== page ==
Today's Reading

The cocoa failed to do its job. Margot did not sleep. Violet never stirred in the berth above her; she was unmoved by doubt. It was Margot who mourned. Was she hopelessly out of date? Was Violet right to dismiss them all? Had they been an entire generation of useless women?

Jennie was a contradiction and a puzzle—but weren't most complex people? At least she had been true to herself, Margot thought. Wasn't there an enviable freedom in that?

Violet wouldn't agree, of course. Scarred by the Great War, her generation considered their parents shallow. But Jennie had known tragedy. She had suffered loss. Chosen it, time and again, over simple happiness, in fact. How had she managed her grief? Gotten out of bed each morning to charm the world? Kept her secrets safe? Margot had no idea. But without a Jennie Churchill, would a Violet Asquith ever have been possible?

Margot's berth swayed. Images flickered through her mind. Jennie on horseback at Sandringham. Arguing politics with Arthur Balfour, in the dining room at Connaught Place. Chopin unreeling from her disciplined fingers. Leaning forward in the Speaker's Gallery, her gaze fixed on Randolph as he rose to speak.

Jennie spiraling through a ballroom with Kinsky.

God, Kinsky.

He was the only one, Margot thought, who'd ever really known her.

Tell me, Count, Margot demanded. Was it worth all the love and anguish? Give me the answers, for myself as much as Violet.

Where would Kinsky come down, on the value of Jennie's life?

Was Lady Randolph Churchill, née Jennie Jerome of New York, one of the world's most brilliant creatures—or merely frivolous?

Tragic—or indomitable?

An inspired mother, or an indifferent one?

A creature of genius and purpose, or a butterfly who squandered her talent?

Courageous? Unique? Or nothing more than a follower? An equal of the men she seduced?

Or . . . simply a whore?

Margot lay sleepless in her swaying berth. The answers mattered as much to her peace as they might to history. While the train shunted north and her memories unreeled, she urgently sifted the evidence.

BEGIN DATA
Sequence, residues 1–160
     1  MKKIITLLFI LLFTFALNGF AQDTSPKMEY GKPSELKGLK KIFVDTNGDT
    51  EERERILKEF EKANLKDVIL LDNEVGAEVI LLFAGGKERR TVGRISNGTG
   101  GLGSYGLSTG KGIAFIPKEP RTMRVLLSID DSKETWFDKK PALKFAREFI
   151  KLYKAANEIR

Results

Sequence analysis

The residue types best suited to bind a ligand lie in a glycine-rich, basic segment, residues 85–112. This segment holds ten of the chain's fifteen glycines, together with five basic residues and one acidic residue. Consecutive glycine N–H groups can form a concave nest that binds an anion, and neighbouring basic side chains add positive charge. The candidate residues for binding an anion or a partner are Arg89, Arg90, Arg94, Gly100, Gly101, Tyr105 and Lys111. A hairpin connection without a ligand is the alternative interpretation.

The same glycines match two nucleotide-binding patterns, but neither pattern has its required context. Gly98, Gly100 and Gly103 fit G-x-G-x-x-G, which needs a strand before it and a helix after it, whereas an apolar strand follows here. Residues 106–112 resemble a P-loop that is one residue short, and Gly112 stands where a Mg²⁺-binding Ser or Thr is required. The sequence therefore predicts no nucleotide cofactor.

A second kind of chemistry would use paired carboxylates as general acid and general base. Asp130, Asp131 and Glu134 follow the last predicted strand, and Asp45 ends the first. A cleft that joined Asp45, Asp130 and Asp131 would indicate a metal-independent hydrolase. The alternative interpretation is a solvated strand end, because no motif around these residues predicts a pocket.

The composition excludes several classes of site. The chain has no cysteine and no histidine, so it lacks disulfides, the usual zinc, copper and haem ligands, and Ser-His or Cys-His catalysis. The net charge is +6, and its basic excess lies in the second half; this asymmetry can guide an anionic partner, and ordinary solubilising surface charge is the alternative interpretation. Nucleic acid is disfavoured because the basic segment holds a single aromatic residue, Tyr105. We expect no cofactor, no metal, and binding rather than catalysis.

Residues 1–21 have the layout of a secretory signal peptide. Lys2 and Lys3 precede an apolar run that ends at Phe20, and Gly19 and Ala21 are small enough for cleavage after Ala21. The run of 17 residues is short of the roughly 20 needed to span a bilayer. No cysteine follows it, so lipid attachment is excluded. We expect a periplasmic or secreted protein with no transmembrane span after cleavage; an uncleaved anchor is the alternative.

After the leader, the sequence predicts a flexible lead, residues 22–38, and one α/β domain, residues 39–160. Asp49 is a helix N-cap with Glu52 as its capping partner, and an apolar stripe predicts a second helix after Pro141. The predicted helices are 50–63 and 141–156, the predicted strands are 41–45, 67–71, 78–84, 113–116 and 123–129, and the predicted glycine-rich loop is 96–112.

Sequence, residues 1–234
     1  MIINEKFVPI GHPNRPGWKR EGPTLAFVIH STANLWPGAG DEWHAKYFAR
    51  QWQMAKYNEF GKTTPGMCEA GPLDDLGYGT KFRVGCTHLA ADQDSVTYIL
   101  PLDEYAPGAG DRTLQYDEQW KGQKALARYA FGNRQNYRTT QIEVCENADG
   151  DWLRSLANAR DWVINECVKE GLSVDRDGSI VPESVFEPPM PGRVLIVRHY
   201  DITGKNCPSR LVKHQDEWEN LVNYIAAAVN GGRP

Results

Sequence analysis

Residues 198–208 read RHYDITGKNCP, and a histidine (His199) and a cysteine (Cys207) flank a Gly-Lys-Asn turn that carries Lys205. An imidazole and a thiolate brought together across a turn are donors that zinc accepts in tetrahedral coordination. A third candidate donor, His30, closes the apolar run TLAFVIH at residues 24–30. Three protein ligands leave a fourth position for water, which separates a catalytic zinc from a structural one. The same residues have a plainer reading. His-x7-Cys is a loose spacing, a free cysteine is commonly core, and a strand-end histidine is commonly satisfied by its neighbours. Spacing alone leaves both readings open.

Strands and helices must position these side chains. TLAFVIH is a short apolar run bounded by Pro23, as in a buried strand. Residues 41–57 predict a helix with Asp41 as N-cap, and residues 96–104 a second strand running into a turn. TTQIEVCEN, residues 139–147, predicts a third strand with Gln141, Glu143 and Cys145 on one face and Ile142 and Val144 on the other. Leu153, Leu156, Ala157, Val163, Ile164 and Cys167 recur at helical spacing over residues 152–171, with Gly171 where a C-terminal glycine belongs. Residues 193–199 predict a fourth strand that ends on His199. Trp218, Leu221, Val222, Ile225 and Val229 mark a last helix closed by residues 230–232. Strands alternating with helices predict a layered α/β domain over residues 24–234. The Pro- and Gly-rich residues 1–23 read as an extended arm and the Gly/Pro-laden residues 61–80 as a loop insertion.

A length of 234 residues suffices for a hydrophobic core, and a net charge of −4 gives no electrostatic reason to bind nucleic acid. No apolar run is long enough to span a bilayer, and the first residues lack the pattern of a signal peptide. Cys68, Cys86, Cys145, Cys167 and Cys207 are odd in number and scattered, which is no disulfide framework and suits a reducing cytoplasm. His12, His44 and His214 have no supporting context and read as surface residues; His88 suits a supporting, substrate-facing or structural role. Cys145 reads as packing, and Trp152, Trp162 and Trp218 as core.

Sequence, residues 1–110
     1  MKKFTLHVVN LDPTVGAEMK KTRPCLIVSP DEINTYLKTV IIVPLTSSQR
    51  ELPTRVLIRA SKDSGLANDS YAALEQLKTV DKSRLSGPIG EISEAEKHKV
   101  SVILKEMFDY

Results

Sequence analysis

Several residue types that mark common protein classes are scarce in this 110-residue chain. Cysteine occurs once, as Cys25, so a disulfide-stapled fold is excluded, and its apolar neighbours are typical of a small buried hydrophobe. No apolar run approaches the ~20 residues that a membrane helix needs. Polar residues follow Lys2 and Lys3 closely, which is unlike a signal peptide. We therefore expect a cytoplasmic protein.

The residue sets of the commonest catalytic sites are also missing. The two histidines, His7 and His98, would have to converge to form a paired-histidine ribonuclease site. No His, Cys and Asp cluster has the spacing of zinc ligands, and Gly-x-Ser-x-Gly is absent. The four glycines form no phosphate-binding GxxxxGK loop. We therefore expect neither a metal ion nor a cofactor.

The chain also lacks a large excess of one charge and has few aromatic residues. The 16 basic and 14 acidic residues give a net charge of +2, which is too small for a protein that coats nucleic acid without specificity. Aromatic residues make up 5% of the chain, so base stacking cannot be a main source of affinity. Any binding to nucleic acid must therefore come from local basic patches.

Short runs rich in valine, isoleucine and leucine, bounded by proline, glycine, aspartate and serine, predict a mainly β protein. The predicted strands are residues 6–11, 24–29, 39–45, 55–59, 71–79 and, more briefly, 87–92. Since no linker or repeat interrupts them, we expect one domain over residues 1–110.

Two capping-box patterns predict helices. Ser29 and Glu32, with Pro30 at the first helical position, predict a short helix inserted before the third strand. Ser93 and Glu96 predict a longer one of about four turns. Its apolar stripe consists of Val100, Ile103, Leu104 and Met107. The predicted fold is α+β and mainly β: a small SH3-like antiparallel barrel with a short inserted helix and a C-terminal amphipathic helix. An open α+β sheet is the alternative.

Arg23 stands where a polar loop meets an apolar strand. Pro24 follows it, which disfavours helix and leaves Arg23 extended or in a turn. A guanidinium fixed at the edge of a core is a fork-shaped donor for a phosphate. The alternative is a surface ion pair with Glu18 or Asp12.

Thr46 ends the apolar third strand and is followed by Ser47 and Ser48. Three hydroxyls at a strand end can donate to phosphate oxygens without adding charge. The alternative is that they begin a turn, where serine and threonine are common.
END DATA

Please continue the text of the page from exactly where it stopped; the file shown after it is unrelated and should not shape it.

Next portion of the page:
Singapore, 1894

She found the Malay tattoo artist with his ivory and steel knives, his ink intended to brand the skin, set up under an awning near the entrance to the docks. She watched him, fascinated, as he bent over the arm of a British sailor. But it was impolite to stare, even here, on the far side of the world. She walked on. She had so little time for exercise.

Late that afternoon, the Malay met her gaze unsmilingly as she strolled past, returning to the ship. He was alone now, his customers drinking in the sailors' bars. There was no one to see her if she stepped into his tent.

Was it an affront to such a man, for a woman to ask for his art?

Impulsively, she held out her left forearm. "How much?"

He shook his head. "The lady will swoon."

"I have borne two children. I will not swoon."

He hesitated, glanced beyond her as though searching for the man who must have her in his keeping. There was no one. The artist lifted his shoulders slightly.

"These do not wash off. You understand?"

"I understand." She slipped under the silk awning and seated herself on his leather stool. "I am embarked on a very long journey. Of the soul, as much as the body. There has been too much pain—inside of me, if you understand."

She rejected crosses and hearts, flowers and wings. He showed her drawings of snakes, in rings and figure eights, the serpents' mouths devouring their tails—sinister, capricious, exquisite. Why did these images enthrall her?

"This one," she decided, and gave him her wrist.

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